In more than 150 countries around the world, Sesame Workshop is reaching girls who may have no other means of education. Investing in girls' education isn't just the right thing to do; it's the smart thing to do for overall economic and social development. From India to Mexico to Afghanistan-and in many other countries-local versions of Sesame Street are teaching basic skills that are critical for both girls and boys, in a context that values women and girls and their contributions to society.
More than 130 million girls around the world are not in school-and the adult illiteracy rate for women is nearly twice that of men. What causes this disparity? Girls often face barriers to education due to cultural conventions. Early marriage, gender discrimination, lack of adequate sanitation, and differences in how parents value educating girls and boys keep girls from starting or continuing school.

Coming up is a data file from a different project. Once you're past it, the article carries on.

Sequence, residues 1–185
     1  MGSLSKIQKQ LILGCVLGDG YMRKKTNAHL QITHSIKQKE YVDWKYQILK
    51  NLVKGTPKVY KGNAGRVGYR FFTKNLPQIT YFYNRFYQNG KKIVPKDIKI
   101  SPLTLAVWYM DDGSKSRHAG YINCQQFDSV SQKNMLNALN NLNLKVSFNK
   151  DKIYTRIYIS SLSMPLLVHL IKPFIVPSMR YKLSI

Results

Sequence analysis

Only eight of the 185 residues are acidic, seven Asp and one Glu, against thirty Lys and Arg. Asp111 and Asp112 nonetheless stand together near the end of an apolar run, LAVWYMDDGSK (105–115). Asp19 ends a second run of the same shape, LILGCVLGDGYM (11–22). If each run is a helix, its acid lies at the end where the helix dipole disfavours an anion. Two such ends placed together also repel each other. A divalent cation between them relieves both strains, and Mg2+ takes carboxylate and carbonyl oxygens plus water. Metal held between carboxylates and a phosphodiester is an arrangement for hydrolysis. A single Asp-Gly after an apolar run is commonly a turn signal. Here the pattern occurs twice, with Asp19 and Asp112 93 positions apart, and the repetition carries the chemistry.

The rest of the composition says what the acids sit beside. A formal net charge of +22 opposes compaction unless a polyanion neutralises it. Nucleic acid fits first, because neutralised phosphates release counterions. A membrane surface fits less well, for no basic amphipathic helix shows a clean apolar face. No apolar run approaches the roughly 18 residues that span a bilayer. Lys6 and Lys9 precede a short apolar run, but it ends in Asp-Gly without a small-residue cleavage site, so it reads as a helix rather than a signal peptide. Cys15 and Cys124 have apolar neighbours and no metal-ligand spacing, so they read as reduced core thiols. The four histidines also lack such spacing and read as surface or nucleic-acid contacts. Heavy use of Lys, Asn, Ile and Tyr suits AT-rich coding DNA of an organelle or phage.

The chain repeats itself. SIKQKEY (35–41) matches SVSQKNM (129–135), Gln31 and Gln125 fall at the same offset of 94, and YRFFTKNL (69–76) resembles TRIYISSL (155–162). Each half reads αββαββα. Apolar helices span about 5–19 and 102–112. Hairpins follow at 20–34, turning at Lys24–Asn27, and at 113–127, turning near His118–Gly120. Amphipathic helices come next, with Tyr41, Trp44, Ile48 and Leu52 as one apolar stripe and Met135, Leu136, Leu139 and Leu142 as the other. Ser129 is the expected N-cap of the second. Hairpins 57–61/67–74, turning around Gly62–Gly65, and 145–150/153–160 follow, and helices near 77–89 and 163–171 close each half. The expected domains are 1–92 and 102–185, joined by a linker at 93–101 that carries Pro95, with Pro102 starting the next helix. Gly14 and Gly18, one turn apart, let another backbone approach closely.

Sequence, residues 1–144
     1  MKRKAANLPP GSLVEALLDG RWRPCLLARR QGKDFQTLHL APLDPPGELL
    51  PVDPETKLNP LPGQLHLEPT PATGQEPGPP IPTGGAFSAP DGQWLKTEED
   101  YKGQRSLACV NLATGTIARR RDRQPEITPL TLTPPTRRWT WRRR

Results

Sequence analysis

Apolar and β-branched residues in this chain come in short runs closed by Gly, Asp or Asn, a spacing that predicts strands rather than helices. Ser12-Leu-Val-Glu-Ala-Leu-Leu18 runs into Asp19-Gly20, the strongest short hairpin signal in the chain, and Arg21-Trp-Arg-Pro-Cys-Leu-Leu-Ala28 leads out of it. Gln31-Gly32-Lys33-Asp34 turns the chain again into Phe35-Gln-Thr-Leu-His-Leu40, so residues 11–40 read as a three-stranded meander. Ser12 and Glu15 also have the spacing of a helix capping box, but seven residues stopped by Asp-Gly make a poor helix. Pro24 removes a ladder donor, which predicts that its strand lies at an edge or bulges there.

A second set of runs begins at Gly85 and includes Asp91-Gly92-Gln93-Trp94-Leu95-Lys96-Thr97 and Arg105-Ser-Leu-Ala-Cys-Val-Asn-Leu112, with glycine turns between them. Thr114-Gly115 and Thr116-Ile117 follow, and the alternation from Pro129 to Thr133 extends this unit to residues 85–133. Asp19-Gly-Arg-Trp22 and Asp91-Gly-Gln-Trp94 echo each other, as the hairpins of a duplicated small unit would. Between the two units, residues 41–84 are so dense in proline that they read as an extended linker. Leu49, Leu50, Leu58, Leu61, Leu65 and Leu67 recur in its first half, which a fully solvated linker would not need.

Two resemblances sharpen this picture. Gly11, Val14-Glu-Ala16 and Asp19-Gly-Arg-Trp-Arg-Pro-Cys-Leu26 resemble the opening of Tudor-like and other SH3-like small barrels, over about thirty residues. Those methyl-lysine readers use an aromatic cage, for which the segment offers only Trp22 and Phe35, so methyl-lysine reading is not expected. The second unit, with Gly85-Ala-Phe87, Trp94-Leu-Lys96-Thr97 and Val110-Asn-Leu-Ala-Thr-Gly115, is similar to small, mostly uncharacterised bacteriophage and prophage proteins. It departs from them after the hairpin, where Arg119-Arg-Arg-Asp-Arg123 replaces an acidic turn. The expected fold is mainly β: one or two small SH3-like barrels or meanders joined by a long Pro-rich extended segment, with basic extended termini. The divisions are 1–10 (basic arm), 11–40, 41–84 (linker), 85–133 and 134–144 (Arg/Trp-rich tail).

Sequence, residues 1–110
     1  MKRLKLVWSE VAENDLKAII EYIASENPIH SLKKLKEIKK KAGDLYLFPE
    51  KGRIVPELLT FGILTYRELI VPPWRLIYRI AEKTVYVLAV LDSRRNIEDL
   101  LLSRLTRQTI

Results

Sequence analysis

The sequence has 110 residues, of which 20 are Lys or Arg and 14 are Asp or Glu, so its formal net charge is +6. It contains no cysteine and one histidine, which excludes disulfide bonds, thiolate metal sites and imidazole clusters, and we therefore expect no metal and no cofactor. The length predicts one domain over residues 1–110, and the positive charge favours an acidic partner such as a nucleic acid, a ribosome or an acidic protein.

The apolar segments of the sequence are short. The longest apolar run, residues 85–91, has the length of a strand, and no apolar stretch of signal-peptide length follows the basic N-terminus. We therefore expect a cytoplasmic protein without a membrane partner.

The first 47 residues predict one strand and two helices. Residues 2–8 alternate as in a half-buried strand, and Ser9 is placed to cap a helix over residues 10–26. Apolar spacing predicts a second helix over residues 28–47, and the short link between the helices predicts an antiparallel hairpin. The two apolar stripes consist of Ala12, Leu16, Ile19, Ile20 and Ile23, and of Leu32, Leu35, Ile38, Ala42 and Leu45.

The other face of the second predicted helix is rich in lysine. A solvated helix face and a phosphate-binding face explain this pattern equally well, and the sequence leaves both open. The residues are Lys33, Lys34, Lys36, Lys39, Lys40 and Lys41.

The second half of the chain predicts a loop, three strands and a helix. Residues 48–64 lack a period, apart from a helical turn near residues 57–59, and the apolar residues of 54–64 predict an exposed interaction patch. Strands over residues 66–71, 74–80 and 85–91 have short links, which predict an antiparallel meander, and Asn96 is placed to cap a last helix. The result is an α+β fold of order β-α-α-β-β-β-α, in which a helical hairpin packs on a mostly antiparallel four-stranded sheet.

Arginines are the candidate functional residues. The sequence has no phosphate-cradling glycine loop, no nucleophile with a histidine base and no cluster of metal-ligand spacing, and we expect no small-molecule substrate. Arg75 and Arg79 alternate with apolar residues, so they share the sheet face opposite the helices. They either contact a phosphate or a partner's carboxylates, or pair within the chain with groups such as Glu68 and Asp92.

Local versions of Sesame Street are designed to counter negative attitudes and the gender gaps that stem from girls' limited educational opportunities. From clever Chamki on India's Galli Galli Sim Sim to curious Zari on Afghanistan's Baghch-e-Simsim the powerful girl characters featured in our radio programs, print materials, community viewings, and other mediums helps empower girls, while also opening minds, influencing attitudes, and planting the seeds for long-term societal change.
When girls are seen learning and succeeding, social expectations shift. Afghan children who watch Baghch-e-Simsim test 29% higher on gender equity attitudes than those who don't watch. Fathers have changed their minds about sending daughters to school after watching the show, based on qualitative research. In Afghanistan, where 3.1 million children age 3 to 7 children watch Baghch-e-Simsim, female characters like Zari inspire an entire generation of girls and boys to see each other as equals.
Issue Fact Sheet: The Impact of Educating Girls
Effects of Sesame Street: A meta-analysis of child
UNESCO Institute for Statistics